Wednesday, August 14, 2002

The new edition of The New Republic is on line, and contains the usual stiletto analysis. Especially worth reading is this skewering by Peter Beinart of the tendency to pretend that calling for further debate is the same as having a position on something.

There's nothing wrong with all these calls for dialogue. But it's hard to have a useful discussion when only one side knows what it thinks. And right now only one side does. Bush and most Republicans are arguing that the United States should go to war against Iraq; most Democrats are arguing that we should argue about it.




Right now we are facing important decisions about national security and foreign policy. Instead of alternative policy, we get dross. Her Majesty’s Loyal Opposition seems content to squeal “Rambo rhetoric” every time, and I mean every time, the Government opens its mouth. The Labor Party is so terrified of losing more support to their loopy Left wing that they will play this game all the way to the wire, and then support the war.



Today we get the spectre of a former Prime Minister, and well-known Mugabe supporter, telling us that we can’t go in unless everybody agrees it’s a good idea.

During the Gulf War there was a coalition of 34 nations. The operation was sanctioned by the UN Security Council. Any future involvement must also have Security Council support. The US should not go to war without a broad coalition.


Malcolm doesn’t tell us how many of the 34 the US needs to have behind them. And given that Saudi Arabia and Germany have both put their thumbs down, a full crew is unlikely.



There is some light of reality:

There is no doubt that the government of Iraq has done the most terrible things. It waged a long war against Iran; it invaded Kuwait; it has turned its brutality against its own people, both the Kurds and the Shiites; it has been producing, and has shown a willingness to use, weapons of mass destruction.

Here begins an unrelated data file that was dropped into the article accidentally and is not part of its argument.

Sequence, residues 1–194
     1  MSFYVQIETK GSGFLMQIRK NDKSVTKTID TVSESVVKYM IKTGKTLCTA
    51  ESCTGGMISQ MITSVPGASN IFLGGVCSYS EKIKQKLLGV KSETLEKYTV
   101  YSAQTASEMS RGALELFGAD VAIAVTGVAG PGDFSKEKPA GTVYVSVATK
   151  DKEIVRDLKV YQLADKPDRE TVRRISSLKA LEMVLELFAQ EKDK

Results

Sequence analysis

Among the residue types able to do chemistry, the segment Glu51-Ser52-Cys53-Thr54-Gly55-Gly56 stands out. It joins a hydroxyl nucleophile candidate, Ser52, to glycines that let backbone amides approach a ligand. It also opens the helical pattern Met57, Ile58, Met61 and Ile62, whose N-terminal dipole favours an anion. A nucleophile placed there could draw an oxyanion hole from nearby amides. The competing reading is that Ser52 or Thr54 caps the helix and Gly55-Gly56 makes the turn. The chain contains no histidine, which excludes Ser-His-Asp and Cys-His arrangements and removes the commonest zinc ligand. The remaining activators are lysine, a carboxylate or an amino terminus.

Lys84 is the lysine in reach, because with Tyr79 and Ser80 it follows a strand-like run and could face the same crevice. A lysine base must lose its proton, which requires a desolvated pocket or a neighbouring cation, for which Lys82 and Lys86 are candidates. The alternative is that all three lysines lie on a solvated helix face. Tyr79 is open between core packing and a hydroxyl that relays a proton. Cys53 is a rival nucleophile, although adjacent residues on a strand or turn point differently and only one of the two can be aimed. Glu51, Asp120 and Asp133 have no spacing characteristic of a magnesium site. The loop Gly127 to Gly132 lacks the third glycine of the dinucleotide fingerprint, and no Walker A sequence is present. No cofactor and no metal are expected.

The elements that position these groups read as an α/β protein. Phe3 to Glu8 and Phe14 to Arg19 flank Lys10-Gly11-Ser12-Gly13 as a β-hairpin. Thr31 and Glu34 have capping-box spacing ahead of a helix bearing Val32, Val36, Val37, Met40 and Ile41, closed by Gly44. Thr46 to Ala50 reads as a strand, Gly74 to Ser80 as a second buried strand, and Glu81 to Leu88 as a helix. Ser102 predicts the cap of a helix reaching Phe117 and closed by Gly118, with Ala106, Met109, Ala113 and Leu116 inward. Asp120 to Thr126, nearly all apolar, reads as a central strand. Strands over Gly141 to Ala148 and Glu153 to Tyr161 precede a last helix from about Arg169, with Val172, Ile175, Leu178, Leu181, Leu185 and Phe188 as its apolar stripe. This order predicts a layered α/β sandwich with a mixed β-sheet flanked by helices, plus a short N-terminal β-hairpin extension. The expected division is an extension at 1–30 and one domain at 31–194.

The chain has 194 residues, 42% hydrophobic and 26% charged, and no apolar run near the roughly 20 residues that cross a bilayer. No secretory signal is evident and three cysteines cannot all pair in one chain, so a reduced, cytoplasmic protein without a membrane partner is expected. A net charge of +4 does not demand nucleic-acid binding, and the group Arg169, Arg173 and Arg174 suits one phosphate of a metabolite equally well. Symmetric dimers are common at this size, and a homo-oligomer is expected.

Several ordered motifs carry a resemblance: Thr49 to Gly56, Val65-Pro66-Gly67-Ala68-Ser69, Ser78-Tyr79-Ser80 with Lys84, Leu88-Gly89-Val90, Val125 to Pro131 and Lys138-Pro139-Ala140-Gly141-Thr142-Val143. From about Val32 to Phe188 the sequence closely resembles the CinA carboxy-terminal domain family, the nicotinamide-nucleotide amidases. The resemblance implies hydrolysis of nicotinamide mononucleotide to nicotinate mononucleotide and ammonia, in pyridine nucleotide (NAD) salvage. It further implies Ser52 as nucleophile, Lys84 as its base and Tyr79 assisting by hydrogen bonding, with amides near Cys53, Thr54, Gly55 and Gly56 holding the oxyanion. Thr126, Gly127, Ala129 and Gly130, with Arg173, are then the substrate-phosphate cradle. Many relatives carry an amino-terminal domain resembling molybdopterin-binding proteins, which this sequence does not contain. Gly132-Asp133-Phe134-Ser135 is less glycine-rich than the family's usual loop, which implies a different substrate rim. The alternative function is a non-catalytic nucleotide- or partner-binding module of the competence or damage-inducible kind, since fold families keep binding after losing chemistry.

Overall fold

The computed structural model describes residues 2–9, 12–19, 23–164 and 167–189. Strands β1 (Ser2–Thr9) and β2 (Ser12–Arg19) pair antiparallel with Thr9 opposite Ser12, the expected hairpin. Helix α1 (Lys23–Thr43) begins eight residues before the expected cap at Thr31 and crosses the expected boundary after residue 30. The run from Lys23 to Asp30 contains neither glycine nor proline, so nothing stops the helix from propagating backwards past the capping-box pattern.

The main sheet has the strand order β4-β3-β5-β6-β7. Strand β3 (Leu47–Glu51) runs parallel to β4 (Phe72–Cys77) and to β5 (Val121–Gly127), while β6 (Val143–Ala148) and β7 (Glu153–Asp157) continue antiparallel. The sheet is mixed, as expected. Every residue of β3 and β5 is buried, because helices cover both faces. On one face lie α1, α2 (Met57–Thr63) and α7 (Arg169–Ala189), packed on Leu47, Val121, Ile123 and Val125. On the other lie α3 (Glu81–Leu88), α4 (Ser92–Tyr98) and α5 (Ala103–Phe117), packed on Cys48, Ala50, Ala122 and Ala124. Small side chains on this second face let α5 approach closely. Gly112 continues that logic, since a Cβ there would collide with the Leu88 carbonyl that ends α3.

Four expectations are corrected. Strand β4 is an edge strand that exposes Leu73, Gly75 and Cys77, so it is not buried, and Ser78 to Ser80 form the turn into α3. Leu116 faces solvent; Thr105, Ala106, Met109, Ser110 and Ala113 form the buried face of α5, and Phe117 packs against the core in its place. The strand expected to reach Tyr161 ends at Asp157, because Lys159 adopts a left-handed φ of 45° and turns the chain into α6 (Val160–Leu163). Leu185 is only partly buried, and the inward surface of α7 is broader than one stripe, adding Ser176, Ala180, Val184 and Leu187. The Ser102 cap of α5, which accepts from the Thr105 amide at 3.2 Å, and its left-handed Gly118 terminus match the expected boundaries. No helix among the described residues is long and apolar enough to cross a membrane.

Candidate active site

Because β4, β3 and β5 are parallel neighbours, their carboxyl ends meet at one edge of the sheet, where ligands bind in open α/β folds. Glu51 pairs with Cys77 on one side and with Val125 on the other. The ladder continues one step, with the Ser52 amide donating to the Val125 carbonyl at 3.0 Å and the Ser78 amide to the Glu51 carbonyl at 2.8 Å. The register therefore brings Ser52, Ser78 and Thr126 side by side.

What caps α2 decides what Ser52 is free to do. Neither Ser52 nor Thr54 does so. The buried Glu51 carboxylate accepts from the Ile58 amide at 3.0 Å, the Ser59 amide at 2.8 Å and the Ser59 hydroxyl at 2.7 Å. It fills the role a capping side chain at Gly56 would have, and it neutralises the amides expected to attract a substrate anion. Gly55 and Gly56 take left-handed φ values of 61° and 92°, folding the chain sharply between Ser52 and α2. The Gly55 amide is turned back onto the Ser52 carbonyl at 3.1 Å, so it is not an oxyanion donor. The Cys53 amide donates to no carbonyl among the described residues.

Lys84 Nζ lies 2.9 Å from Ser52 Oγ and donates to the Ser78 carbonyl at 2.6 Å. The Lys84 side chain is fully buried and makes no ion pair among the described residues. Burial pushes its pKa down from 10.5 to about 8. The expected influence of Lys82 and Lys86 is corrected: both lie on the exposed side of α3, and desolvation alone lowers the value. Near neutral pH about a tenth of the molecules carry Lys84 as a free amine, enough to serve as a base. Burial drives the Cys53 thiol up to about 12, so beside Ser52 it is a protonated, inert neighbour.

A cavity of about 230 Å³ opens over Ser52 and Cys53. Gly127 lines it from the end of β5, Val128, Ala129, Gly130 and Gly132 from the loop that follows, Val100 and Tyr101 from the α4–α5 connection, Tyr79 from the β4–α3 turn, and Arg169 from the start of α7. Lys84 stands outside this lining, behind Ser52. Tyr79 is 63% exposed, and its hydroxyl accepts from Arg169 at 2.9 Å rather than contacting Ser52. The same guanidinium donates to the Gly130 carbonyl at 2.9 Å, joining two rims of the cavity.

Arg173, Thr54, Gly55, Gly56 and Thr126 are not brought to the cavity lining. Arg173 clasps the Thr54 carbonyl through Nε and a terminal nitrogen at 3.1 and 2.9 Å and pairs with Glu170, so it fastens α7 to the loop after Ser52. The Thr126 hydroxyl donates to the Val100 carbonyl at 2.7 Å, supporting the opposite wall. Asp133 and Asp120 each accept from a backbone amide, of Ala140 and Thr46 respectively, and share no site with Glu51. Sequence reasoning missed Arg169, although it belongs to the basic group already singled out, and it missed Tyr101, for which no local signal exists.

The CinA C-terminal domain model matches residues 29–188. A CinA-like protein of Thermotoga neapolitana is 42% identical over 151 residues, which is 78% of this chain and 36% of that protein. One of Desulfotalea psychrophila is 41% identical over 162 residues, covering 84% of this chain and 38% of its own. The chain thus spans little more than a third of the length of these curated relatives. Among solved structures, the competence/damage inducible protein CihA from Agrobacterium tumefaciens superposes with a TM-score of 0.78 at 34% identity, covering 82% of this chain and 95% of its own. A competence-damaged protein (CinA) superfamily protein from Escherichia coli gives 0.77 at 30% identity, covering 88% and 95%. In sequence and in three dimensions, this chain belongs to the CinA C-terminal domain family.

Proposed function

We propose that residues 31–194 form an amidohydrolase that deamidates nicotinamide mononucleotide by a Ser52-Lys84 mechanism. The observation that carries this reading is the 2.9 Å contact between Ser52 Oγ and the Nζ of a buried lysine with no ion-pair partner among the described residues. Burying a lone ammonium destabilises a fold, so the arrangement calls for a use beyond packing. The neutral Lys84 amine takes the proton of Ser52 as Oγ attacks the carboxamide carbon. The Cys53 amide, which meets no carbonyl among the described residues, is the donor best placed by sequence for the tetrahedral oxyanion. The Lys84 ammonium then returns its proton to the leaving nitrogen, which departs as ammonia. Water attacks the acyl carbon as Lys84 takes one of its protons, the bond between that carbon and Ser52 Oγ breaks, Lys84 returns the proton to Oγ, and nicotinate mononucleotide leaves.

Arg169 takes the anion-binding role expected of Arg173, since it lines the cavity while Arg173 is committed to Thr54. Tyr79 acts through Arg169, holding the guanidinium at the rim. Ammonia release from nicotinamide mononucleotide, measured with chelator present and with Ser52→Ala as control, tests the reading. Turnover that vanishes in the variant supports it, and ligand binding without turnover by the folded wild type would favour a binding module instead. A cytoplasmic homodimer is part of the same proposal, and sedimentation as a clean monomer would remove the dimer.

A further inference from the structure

But this is not enough to justify going it alone:

But before war is contemplated, final efforts must be made to reinstate United Nations arms inspectors with appropriate access across Iraq


Note the careful absence of a recommendation for action if and when diplomacy fails, or even some clue as to what would constitute diplomatic failure.



As for Australia’s role in this, the bar gets even higher:

If we end up being involved, we should seek to establish arrangements as an appropriate partner in conflict. That would involve knowing America's mind in relation to every aspect of the war. Ideally it would involve having somebody of ministerial rank participating in the war councils in Washington. Then we would truly know the considerations of the Bush Administration.



Fraser doesn’t confide if this would be a deal breaker, or just a convenient get-out-of-responsibility-free card.



Beinart puts it smoothly:

Making international opposition the primary rationale for opposing war with Iraq is essentially a way for Democrats to outsource the moral and strategic thinking they need to do themselves.




There will come a time, and soon, that everyone will have to choose up sides. I suggest to those who reflexively oppose any war the US involves itself in, that they consider the consequences of being seen to stand shoulder to shoulder with one of the vilest regimes on the planet. You looked pretty bloody stupid after Afghanistan: do you want to repeat the effort?

For further beatings, try this:
What is it about loser ex-PMs that makes them incapable of keeping their mouths shut, and instead bless us with their condescending wisdoms? Didn't you dicks do enough damage fucking up foreign policy and wrecking our economy when you were in office? Don't you get it? We voted you out so your ideas wouldn't be put into practice.

from Tex at Whacking Day.


Comments: Post a Comment

<< Home

This page is powered by Blogger. Isn't yours?